Councilwoman Gloria Kates expressed concern that all the streets selected for repair — Verret/Rio Grande, West 5th, Avenue B to Avenue F, Plaza and some of Shriner’s Drive — are only in two districts.
Most of the streets are in District D, though part of Rio Grande and Shriner’s Drive is in District E.
Residents also complained of the perceived slight.
Patricia Keller asked the council, “What do the taxpayers of district A, B and C have to do to be worthy to get the services that the taxpayers in other districts are getting?”
Later in the meeting, councilman Brian McCree pointed out that in the future the city might, instead of paving five roads mostly in one district, pave a single road in each district.
However, despite the back and forth, the road repairs were all approved as they appeared on the agenda, although it was a split vote. McCree and Kates voted against the overlay plans.
This won’t be the last time city road maintenance will come up for discussion. At next month’s city meeting, the board will need to approve several November ballot measures. Those measures, if voted in, will continue the life of four existing taxes, one of which is a roads and parks tax.
Bogalusa residents have for years approved these taxes, though this year’s vote will make the sales tax permanent if it is approved.
That tax is a 1-cent city sales tax that brings in $2.4 million.
“It’s a big part of the city’s operation,” bond attorney David Wolf said.
Wolf explained that generally this tax comes up every five years, but if it passes in November, it will be made permanent.
“This will put it in line with all or almost all of your existing sales taxes from needing renewals periodically to making it permanent,” he said.
Next up will be a 10-year renewal on a 2.71-mill tax that generates $190,000 for the fire department. After that, residents will have to decide whether or not to vote for a second 2.71-mill tax for sewer, water, streets and parks.
Finally on the ballot will be a 3.62-mill tax for municipal services and salaries. This, too, will be a 10-year renewal.
If the board approves the resolution in May, these taxes will be on the Nov. 8 ballot.
The next board meeting will be May 3 at 5:30 p.m. at Bogalusa City Hall.
In other business:
• The council approved a resolution in support of a grant being sought by the Robert “Bob” Hicks Foundation for its planned civil rights museum.
• The council introduced an ordinance to amend an engineering contract.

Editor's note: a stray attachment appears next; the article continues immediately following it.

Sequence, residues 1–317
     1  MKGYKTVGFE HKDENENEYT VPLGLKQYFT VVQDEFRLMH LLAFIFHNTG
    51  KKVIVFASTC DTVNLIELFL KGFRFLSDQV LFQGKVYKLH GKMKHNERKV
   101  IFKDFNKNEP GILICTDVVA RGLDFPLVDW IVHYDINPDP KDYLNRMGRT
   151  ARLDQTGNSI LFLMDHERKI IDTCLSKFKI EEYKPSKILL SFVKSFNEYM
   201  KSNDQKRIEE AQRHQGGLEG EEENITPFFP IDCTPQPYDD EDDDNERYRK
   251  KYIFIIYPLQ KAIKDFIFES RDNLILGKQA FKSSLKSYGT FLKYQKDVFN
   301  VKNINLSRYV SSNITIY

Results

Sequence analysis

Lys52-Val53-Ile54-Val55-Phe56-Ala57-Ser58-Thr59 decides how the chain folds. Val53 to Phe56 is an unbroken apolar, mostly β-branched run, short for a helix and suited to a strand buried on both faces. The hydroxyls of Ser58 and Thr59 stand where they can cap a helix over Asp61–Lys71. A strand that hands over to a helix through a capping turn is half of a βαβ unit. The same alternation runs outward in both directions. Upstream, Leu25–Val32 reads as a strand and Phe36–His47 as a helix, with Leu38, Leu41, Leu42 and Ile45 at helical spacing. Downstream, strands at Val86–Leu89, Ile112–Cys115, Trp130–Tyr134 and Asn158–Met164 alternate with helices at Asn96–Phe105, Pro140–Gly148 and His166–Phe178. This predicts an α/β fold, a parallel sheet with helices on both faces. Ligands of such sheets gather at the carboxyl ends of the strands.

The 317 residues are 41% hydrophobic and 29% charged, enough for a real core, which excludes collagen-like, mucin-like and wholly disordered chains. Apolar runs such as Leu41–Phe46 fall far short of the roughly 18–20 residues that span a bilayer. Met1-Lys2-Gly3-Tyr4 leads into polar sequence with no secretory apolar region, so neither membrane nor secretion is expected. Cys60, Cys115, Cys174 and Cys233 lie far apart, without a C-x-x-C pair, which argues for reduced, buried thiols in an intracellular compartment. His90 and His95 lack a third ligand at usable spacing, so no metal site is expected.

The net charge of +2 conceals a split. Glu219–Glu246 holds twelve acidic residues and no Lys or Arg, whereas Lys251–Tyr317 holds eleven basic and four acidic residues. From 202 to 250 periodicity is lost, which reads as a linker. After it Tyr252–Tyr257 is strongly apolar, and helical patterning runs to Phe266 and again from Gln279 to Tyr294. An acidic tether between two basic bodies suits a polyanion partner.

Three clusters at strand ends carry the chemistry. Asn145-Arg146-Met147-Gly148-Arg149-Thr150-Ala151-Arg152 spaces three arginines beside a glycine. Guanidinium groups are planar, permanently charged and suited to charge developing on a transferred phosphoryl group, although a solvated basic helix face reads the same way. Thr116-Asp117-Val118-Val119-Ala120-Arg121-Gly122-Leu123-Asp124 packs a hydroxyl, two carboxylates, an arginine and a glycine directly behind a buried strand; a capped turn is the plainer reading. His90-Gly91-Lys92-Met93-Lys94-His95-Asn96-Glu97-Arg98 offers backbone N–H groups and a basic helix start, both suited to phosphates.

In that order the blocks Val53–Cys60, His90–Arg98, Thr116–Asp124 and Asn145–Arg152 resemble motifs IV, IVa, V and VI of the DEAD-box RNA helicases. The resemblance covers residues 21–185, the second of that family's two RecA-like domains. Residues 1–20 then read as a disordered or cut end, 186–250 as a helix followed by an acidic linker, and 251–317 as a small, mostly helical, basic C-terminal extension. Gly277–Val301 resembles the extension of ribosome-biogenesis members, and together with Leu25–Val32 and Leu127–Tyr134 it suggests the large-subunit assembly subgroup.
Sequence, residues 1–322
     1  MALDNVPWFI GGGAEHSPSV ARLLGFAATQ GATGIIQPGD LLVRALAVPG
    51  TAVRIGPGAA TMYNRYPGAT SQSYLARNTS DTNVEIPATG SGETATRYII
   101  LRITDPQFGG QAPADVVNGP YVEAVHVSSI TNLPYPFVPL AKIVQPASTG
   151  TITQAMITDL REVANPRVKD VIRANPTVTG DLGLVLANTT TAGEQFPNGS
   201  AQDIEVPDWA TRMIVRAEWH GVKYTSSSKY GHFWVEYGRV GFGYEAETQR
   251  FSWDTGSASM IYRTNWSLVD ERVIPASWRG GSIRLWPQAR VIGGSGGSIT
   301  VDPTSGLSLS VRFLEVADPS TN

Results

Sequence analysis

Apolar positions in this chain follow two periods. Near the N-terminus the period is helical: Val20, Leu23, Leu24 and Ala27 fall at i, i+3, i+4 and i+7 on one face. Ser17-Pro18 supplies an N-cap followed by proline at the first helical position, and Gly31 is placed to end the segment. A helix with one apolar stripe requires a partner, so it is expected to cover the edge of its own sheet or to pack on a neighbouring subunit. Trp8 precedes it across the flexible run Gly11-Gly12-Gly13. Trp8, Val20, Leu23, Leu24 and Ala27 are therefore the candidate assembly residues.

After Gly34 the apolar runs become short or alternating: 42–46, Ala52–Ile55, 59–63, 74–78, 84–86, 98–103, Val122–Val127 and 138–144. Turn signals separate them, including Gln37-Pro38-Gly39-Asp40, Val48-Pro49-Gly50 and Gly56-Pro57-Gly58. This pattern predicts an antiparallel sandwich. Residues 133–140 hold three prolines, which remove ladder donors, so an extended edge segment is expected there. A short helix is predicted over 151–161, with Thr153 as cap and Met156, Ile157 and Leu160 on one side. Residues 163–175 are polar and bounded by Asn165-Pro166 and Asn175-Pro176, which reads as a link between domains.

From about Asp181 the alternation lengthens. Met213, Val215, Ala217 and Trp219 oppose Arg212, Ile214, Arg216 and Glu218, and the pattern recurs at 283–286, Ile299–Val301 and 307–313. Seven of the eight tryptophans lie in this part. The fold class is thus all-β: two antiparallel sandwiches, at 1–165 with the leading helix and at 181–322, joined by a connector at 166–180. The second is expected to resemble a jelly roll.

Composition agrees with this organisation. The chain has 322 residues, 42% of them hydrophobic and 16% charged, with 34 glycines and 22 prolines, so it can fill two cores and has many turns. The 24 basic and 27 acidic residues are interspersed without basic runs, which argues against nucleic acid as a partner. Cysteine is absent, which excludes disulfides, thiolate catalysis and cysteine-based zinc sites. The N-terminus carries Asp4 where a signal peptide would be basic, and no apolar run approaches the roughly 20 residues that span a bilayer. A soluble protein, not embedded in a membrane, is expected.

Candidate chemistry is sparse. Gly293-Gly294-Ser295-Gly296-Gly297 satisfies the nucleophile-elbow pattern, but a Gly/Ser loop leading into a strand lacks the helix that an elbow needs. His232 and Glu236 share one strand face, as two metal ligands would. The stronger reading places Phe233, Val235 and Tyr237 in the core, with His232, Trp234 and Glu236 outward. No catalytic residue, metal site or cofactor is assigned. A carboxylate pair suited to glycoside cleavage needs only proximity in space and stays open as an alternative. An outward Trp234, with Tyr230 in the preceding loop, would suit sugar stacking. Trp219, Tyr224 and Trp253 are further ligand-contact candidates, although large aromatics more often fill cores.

• The council introduced an ordinance that will allow the mayor to enter into a contract with a demolition contractor to remove abandoned homes.
• The council introduced an ordinance that will allow the mayor to enter into an agreement with a company for obstruction removal at the airport.
• The council introduced an ordinance that will allow the mayor to enter into an agreement with a company for construction at the airport.
• The council approved an ordinance to allow the mayor to enter into a contract with Feliciana Welders for the Columbia Street Bridge water line replacement.
• The council approved an ordinance to allow the mayor to enter into a contract with Nobles Construction to roof the city hall annex.
• The council approved an ordinance to allow the mayor to enter into a contract with the successful bidder to provide a freezer in The Salvage Store at 209 Industrial Park.
• The council approved an ordinance to establish an adjudicated property program.
• The council approved an ordinance to sell adjudicated property to adjoining landowners.
• Council president Sherry Fortenberry spoke, addressing comments made by citizen Fate Ferrell in a previous city council meeting.
Ferrell had compared the Bogalusa City Council to government officials in Crystal City, Texas, who had been arrested for alleged bribery associated with an illegal gambling interest.
“I will not be discriminated against,” Fortenberry said. “If I am guilty of anything, it is going to church, reading my Bible, and trying to do the right thing for our city of Bogalusa. I do not gamble, nor do I take bribes.”